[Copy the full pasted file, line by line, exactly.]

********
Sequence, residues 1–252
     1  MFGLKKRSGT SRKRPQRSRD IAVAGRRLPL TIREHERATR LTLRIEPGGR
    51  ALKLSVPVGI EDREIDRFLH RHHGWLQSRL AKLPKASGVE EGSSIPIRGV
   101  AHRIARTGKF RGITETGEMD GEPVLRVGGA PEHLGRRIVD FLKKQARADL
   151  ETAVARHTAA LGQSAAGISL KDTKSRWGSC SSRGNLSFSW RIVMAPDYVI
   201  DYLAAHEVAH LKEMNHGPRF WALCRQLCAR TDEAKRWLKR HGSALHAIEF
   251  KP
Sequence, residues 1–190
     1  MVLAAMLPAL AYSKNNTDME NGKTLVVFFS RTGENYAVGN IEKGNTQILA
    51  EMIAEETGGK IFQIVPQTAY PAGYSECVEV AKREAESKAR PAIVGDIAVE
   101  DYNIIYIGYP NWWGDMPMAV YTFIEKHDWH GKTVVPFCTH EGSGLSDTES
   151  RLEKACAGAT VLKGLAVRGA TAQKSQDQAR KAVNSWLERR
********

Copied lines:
Sequence, residues 1–252
     1  MFGLKKRSGT SRKRPQRSRD IAVAGRRLPL TIREHERATR LTLRIEPGGR
    51  ALKLSVPVGI EDREIDRFLH RHHGWLQSRL AKLPKASGVE EGSSIPIRGV
   101  AHRIARTGKF RGITETGEMD GEPVLRVGGA PEHLGRRIVD FLKKQARADL
   151  ETAVARHTAA LGQSAAGISL KDTKSRWGSC SSRGNLSFSW RIVMAPDYVI
   201  DYLAAHEVAH LKEMNHGPRF WALCRQLCAR TDEAKRWLKR HGSALHAIEF
   251  KP
Sequence, residues 1–190
     1  MVLAAMLPAL AYSKNNTDME NGKTLVVFFS RTGENYAVGN IEKGNTQILA
    51  EMIAEETGGK IFQIVPQTAY PAGYSECVEV AKREAESKAR PAIVGDIAVE
   101  DYNIIYIGYP NWWGDMPMAV YTFIEKHDWH GKTVVPFCTH EGSGLSDTES
   151  RLEKACAGAT VLKGLAVRGA TAQKSQDQAR KAVNSWLERR